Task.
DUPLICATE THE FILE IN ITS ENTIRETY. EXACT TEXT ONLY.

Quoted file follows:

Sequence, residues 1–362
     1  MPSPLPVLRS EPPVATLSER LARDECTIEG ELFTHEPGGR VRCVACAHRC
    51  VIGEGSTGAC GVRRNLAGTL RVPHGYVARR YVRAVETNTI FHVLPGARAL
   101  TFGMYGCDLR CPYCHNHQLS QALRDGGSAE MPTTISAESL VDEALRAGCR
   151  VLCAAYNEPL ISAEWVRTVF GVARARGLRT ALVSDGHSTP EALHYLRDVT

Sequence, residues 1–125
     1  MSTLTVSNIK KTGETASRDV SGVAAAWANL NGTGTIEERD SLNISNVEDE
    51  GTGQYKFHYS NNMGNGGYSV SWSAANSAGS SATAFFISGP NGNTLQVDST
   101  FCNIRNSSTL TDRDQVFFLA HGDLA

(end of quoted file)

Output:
Sequence, residues 1–362
     1  MPSPLPVLRS EPPVATLSER LARDECTIEG ELFTHEPGGR VRCVACAHRC
    51  VIGEGSTGAC GVRRNLAGTL RVPHGYVARR YVRAVETNTI FHVLPGARAL
   101  TFGMYGCDLR CPYCHNHQLS QALRDGGSAE MPTTISAESL VDEALRAGCR
   151  VLCAAYNEPL ISAEWVRTVF GVARARGLRT ALVSDGHSTP EALHYLRDVT

Sequence, residues 1–125
     1  MSTLTVSNIK KTGETASRDV SGVAAAWANL NGTGTIEERD SLNISNVEDE
    51  GTGQYKFHYS NNMGNGGYSV SWSAANSAGS SATAFFISGP NGNTLQVDST
   101  FCNIRNSSTL TDRDQVFFLA HGDLA